June 11, 2004
A wonderful partnership between local schools, cultural organizations, and the private and corporate sectors recently came together to ensure that every St. John Valley elementary and secondary school will have their own St. Croix 1604 Interpretive Trunk.
The St. Croix 1604 Interpretive Trunk was produced by the U.S. National Park Service at Acadia National Park to commemorate the 400th anniversary of the first French settlement in North America, at St. Croix Island in 1604. Located in Calais, St. Croix Island became a National Historic Site in 1949, and in 1984 was re-designated by Congress as an International Historic Site.
The trunk contains 30 items, including maps and journal excerpts from 1604, a beaver pelt, footwear and drinking vessels typical of the period, native language recordings, and a videotape adventure.
In March, some 35 teachers from school districts across the St. John Valley attended workshops with National Park Service ranger Meg Scheid, to learn about the trunks and how to use them in their classrooms.
These workshops were sponsored and organized by the Maine Acadian Heritage Council's Educational Resource Development Committee in collaboration with Acadia National Park and the University of Maine at Fort Kent's Acadian Archives and Office of Academic Outreach.
At the workshops, each of the Valley's four school districts received a trunk, thanks to a grant from the Maine Community Foundation. The teachers who attended were incredibly enthusiastic about the trunks and their classroom potential, but they expressed concern about the fact that there were only four trunks for the twelve schools.
In response, the Maine Acadian Heritage Council and Le Club Français decided to partner together to create challenge grants for Valley school districts to purchase additional trunks.
"The National Park Service spokesperson, Meg Scheid, was so enthusiastic in her presentation of the materials included in the trunk, and the fact that materials were in English and French basically sold me on the project," said Marie-Anne Gauvin, member of the board of directors and head of the finance committee for Le Club Français.
"Because this was such a worthy educational and historic project that would benefit the St. John Valley students, I recommended to the membership and donors that Le Club Français help fund the project for additional trunks," said Gauvin.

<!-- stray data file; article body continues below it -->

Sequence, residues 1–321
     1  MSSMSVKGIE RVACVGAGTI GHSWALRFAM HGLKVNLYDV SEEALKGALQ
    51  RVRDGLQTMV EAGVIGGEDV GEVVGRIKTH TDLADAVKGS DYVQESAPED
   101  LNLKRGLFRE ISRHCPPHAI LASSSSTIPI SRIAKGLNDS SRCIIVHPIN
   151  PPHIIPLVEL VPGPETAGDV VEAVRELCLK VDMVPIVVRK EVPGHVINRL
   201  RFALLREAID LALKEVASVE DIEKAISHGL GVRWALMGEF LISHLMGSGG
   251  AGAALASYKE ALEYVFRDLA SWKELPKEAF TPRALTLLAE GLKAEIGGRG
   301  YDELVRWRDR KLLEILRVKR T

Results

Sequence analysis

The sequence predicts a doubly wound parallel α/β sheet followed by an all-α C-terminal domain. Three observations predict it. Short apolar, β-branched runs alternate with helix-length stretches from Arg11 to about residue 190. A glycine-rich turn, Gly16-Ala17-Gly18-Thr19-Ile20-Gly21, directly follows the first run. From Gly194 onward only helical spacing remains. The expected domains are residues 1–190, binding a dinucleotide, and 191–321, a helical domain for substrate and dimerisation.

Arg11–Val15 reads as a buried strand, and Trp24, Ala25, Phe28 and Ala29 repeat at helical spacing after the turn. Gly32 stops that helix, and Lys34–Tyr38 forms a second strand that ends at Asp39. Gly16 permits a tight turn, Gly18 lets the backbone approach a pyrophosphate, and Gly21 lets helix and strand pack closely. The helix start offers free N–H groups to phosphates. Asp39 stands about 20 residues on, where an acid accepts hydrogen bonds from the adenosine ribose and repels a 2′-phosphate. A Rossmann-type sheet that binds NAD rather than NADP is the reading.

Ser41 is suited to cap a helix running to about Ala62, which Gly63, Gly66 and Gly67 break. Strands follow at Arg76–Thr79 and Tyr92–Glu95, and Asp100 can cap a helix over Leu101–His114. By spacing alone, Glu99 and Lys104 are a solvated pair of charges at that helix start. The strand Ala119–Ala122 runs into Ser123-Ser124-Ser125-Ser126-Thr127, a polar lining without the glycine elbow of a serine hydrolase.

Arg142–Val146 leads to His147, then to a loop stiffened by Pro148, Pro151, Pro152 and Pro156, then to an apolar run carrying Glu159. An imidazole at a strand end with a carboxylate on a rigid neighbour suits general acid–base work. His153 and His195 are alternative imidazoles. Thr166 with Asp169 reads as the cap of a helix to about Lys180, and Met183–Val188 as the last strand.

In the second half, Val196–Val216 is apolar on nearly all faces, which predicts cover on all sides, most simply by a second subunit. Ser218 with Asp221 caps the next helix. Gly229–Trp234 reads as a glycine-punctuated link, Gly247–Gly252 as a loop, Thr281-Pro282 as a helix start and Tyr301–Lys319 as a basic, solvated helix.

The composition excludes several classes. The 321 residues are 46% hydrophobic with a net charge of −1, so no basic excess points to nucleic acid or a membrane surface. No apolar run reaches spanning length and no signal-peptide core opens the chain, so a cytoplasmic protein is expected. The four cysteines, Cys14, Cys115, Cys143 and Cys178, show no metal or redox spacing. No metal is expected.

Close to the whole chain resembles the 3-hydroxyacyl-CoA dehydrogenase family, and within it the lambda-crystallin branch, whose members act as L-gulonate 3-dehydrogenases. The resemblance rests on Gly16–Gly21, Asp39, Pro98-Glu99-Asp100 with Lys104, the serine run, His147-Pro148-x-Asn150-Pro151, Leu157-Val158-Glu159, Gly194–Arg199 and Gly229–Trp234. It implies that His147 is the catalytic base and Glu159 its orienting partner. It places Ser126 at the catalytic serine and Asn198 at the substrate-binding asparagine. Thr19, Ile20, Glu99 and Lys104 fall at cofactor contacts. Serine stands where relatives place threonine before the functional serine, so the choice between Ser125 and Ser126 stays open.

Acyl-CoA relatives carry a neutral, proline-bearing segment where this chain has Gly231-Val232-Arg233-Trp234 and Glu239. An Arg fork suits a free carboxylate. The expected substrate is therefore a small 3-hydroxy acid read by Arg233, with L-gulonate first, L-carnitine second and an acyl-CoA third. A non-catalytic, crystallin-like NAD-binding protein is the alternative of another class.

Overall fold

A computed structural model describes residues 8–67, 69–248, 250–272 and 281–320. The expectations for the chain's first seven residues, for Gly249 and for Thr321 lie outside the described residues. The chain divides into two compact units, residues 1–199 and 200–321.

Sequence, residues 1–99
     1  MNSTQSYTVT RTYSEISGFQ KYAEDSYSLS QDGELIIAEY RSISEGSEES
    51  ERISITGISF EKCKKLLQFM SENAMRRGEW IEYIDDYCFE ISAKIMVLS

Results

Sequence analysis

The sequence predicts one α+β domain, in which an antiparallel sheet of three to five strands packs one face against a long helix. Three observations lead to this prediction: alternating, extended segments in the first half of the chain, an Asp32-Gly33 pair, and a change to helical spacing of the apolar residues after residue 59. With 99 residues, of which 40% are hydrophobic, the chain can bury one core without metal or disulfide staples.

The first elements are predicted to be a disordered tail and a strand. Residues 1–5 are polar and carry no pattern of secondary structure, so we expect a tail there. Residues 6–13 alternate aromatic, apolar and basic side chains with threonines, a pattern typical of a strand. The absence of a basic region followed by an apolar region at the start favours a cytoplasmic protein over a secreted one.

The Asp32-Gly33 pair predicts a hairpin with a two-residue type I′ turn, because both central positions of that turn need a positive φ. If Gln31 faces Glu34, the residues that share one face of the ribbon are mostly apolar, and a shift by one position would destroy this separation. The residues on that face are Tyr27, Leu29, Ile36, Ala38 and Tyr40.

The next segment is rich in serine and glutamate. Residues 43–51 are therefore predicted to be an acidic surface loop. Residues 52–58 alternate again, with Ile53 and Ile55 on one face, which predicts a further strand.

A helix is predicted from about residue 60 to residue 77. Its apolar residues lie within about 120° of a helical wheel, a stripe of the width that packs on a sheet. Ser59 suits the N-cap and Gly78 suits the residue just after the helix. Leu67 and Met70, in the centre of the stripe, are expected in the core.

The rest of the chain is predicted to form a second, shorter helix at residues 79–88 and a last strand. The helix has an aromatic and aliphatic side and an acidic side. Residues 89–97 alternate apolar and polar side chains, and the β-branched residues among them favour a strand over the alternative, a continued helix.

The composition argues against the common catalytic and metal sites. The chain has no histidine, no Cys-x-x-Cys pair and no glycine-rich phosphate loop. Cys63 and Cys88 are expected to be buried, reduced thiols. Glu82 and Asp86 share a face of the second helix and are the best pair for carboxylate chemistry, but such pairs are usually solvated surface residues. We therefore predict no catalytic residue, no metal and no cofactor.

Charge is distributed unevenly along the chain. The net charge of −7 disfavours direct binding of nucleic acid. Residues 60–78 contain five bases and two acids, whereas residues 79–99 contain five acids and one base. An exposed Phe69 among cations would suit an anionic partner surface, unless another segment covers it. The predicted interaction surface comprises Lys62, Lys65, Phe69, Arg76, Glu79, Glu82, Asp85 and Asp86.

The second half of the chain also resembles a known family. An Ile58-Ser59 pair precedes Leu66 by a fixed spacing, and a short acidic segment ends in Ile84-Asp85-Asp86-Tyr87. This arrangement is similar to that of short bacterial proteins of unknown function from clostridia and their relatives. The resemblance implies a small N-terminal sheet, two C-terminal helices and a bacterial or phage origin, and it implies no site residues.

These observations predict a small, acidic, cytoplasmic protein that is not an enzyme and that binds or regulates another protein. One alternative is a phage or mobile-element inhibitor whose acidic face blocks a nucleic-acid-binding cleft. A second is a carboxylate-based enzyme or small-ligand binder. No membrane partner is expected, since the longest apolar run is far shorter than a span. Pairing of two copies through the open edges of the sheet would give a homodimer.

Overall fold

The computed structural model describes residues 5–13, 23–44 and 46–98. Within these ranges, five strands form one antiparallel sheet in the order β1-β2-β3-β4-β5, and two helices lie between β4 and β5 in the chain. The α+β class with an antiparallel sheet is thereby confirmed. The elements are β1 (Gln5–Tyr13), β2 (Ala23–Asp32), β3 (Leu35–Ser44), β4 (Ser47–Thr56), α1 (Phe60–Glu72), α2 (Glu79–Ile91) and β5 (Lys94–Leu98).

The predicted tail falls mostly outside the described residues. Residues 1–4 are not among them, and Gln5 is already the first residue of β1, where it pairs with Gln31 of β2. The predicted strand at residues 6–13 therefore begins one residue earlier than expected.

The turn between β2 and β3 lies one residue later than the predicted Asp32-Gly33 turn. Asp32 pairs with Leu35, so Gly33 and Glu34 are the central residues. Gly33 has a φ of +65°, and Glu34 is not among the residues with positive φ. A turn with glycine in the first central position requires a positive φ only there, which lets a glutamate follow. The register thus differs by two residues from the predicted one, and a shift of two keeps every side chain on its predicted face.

Wallagrass Elementary School teacher Laurie Lozier took things one step further and successfully applied to MBNA to help MSAD 27 purchase their trunks.
"I attended the first workshop presented by the National Park Service and the enthusiasm of the teacher attendees prompted me to write a grant through MBNA of Fort Kent to obtain additional trunks," said Lozier. "I didn't want to share one trunk with five schools in the district."
"MBNA awarded us a $2600 grant, and using matching funds provided by Le Club Français and Maine Acadian Heritage Council, we were able to purchase the additional trunks at a cost of $1200 and other related educational materials," said Lozier.
MSAD 33, 24 and Madawaska School District also took up the challenge grant offer from Le Club Français and the Maine Acadian Heritage Council to purchase additional trunks for their schools.
Lisa Ornstein, director of the Acadian Archives and chair of the Maine Acadian Heritage Council's Educational Resource Development Committee, is delighted by the successful partnerships sparked by the St. Croix Interpretive Trunk.
"It's wonderful to see what can happen when schools, local organizations, and the private sector team together," said Ornstein. "The beginning of French settlement in North America is particularly relevant to the St. John Valley, and the St. Croix Interpretive Trunks will help future generations of Valley children to make the connection," she added.
The Acadian Archives at the University of Maine at Fort Kent has also received a St. Croix Interpretive Trunk, which it plans to make available for local use.